German Intensifiers: The Emergence of German Variationist Sociolinguistics

Written by James Stratton ([email protected])
Purdue University, Department of Linguistics, School of Languages and Cultures

Everything in the universe has to evolve to survive, and language is no exception. As well as constantly changing, language is also rich in variability, that is, there are several ways of expressing the same thing. The fundamental idea of variationist or Labovian sociolinguistics is that variation is not random, but instead is conditioned by various linguistic and social factors. Intensification is a part of language which is constantly evolving because, as intensifiers become overused, they start to lose their intensifying or persuasive effect. Since intensifiers provide speakers with the opportunity to make their speech more persuasive, credible, and emotional, at any given point in time there are various intensifiers which speakers can choose from.

To describe the weather in German, speakers can say it is sehr kalt ‘very cold’, echt kalt ‘real cold’, voll kalt ‘very cold’ [literally. full cold], richtig kalt ‘right/proper cold,’ super kalt ‘super cold’, so kalt ‘so cold’, wirklich kalt ‘really cold’ and recht kalt ‘real cold’, to name but a few. Speakers can also intentionally choose to not intensify the adjective and say that it is simply kalt ‘cold’. Examining the factors which shape the decision to use an intensifier or not, as well as the factors influencing intensifier choice, is a variationist question. In a study published in the Journal of Germanic Linguistics, I carried out the first variationist analysis of German intensifiers.

By collecting a list of the contexts in which intensifiers could be used, I was able to quantify the average number of adjectives a speaker intensifies. In doing so, I found that German adjectives were intensified 37 percent of the time. Of the possible choices, so ‘so’ has become the most frequent (e.g., meine Mutter ist so anstrengend ‘my mother is so tiring’). While sehr ‘very’ has been around since Middle High German (e.g., ir sît sere wunt ‘you are painfully à sorely à very wounded’), so has been coming in and out of fashion throughout the history of Germanic. It can be found in Old English (he swa ænlic wæs ‘he was so famous’), in Old High German (min vater ist so samalih ‘my father is so similar’) and in Old Saxon (sô blîði warð ‘became so happy’). While it fluctuates in frequency across time and space, it is found today in a number of Germanic languages, such as Dutch (e.g., hij is zo groot ‘he is so big’), Norwegian (e.g., han er så høy ‘he is so tall’) and Icelandic (e.g., það  er  svo  hlýtt  ‘it is so warm’). Today, the shift from sehr ‘very’ to so ‘so’ is a change led by predominantly younger as opposed to elderly speakers. That said, so has become so pervasive (as in English!) that it has spread to speakers of all ages.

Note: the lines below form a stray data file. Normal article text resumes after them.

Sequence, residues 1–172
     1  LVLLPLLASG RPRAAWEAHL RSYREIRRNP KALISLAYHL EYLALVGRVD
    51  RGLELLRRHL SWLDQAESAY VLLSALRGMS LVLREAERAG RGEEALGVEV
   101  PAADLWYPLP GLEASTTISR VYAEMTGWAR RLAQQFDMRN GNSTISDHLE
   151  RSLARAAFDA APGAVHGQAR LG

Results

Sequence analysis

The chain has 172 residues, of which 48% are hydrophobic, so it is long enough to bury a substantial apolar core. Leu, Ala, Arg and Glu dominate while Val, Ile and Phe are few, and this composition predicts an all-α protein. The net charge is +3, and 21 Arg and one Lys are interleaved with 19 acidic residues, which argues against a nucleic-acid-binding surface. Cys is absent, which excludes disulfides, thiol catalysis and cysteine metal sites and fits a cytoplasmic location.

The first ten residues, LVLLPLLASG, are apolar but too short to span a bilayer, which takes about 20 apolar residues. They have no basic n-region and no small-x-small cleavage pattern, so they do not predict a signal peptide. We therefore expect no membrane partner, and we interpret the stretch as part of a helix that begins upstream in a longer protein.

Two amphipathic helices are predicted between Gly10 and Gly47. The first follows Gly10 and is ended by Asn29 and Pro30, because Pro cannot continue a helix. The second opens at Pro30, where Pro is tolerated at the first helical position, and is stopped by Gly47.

Intensifiers which scale up the meaning of an adjective (e.g., der Film war echt langweilig ‘the movie was real[ly] boring) are called “amplifiers”, whereas intensifiers which scale down the meaning of an adjective (e.g., der Film war ein bisschen langweilig ‘ the movie was a little boring’) are called “downtoners”. Consistent with findings from other languages, German amplifiers (67%) were used more frequently than German downtoners (33%). Even though both men and women used amplifiers more frequently than they used downtoners, women used amplifiers more frequently than men did. However, interestingly, men used downtoners more frequently than women did. Therefore, in statistical terms, if you encounter a sentence containing an amplifier (e.g., so, sehr, echt) there is a higher likelihood that it came from a female speaker than a male speaker. In contrast, if you encounter a sentence containing a downtoner (e.g., ein bisschen), there is a higher likelihood that it came from a male speaker. On a sociological and anthropological level, this difference may suggest something inherent about the nature of being male or female in modern societies, a difference which is manifest in language itself. In other words, women have a tendency to describe events as being higher than the assumed norm more often than men do which is reflected in their language (e.g., the movie was not just good, but was really good), and while men also prefer to amplify the meaning of an adjective, they tone down its meaning more frequently than women do (e.g., the movie was kind of good).

By looking at intensifier use across different age groups, it seems that intensification becomes more common over time. There are several possible reasons for this, one being that the overuse of an intensifier brings about the need for additional ways to intensify one’s speech so that a message remains convincing and emotional. However, there is a notable caveat. Very young speakers of German, such as speakers 10 years of age or younger, used intensifiers less frequently than all other age groups. A likely explanation for this is that these speakers are still in the developing stages of language acquisition and therefore first acquire adjectives before the use of optional intensifiers.

This study provides several insights into German intensifier use and its interaction between social factors such as gender and age. In doing so, the study also hopes to have laid the foundation for future work in a field which does yet officially exist, namely German Variationist Sociolinguistics. While Variationist Sociolinguistics is well established for work on English, to date, few studies have employed classical variationist methods to examine German variation and change.
For updates on future German variationist work follow me on Twitter and my project “German Variationist Sociolinguistics” on Researchgate.

Adjective Intensifiers in German is free to access.

James Stratton’s website

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